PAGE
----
Spurred on by a well-informed war veteran, Sherlock Holmes revisits several homicides in war-torn South Africa and India.
As both a useful historical note and an intolerably overextended prologue illustrate, the record is clear: Two weeks after the 1879 assassination of Louis Napoleon, Prince Imperial and claimant to the throne of France, by rebels in Natal, Capt. Jahleel Brenton Carey, commander of the prince’s bodyguard, was court martialed. The reversal of the verdict merely dragged out Carey’s life four more years until he died in India under suspicious circumstances. Not long after Sherlock Holmes and Dr. John H. Watson have taken rooms together at 221-B Baker Street, Watson gets his own case. Rev. Samuel Dordona, who was with Carey when he died, is convinced that his friend’s death was murder and that the Prince Imperial’s death bears closer examination by a qualified veteran like Watson. Since Holmes’ brother Mycroft, permanent secretary for Cabinet Affairs, has an unofficial finger in every government pie, Holmes quickly assumes a leadership role in the case. The murder of Capt. Joshua Sellon in London implicates Col. Rawdon Moran—the older brother of the infamous Col. Sebastian Moran, whom the faithful will recall from Conan Doyle’s tales of Sherlock Holmes—and incidentally provides a chance for Holmes to do what he does best: investigate crime scenes, make lightning inferences, unmask secrets and propose explanations as dazzling as they are logical. Unfortunately, Holmes the detective, who’s enjoyed a vigorous afterlife in Thomas’ pastiches (Sherlock Holmes and the Ghosts of Bly, 2010, etc.), is upstaged by Holmes the secret agent for the final act, which finds Moran behind yet another historical outrage.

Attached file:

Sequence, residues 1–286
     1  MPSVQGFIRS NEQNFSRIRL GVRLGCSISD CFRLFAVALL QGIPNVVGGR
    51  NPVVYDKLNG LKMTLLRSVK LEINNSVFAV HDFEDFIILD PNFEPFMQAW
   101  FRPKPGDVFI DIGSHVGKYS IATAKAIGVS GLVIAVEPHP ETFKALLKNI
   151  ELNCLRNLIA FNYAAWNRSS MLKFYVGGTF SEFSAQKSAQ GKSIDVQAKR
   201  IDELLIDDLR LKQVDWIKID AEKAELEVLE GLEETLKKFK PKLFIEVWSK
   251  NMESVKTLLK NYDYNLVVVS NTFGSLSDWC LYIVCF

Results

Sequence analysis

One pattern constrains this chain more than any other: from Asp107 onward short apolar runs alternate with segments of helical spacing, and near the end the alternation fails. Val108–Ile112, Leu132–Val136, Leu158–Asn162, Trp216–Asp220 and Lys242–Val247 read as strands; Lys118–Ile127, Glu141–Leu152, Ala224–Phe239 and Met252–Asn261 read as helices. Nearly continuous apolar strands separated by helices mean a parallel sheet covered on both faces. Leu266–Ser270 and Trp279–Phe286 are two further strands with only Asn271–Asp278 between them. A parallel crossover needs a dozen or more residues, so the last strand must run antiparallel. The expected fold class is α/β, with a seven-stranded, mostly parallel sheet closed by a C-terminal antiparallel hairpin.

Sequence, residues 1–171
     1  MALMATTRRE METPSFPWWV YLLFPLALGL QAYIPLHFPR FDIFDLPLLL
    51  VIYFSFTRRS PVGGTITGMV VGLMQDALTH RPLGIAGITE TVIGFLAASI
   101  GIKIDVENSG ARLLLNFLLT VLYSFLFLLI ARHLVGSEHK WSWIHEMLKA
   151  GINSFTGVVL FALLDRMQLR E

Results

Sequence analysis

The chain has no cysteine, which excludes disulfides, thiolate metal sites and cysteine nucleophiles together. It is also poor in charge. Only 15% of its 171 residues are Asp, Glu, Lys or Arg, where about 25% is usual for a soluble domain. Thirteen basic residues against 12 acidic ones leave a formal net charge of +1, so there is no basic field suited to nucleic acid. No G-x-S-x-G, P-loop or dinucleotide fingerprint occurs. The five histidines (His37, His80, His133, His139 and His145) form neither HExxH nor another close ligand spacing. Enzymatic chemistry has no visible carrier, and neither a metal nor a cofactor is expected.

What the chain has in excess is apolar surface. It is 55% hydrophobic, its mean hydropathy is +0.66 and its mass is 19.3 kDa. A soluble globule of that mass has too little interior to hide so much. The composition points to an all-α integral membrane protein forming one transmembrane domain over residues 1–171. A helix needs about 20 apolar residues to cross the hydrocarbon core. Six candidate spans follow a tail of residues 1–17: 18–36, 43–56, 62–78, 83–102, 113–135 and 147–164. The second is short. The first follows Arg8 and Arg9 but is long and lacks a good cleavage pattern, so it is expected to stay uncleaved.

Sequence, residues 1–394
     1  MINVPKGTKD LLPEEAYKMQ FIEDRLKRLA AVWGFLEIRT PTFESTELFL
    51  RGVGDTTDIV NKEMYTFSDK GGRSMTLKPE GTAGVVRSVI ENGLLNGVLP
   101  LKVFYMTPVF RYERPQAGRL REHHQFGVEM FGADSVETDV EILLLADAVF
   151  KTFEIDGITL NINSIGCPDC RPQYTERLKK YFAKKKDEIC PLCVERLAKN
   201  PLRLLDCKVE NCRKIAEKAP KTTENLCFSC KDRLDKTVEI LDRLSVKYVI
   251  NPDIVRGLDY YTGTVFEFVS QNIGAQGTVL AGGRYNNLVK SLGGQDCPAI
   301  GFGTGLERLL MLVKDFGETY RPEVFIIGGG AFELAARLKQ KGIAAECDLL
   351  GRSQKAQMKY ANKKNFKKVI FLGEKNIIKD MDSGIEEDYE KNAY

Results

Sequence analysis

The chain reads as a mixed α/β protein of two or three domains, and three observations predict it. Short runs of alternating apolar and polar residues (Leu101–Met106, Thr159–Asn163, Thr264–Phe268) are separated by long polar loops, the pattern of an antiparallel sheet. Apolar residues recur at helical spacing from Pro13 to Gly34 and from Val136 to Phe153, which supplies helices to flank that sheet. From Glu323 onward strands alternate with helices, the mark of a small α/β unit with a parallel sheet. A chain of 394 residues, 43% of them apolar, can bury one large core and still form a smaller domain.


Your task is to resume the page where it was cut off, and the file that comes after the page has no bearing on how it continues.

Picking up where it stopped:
Thomas’ attempt to intertwine the Holmes saga with the political fortunes of the empire is more ingenious than convincing, unless your idea of Holmes is Errol Flynn.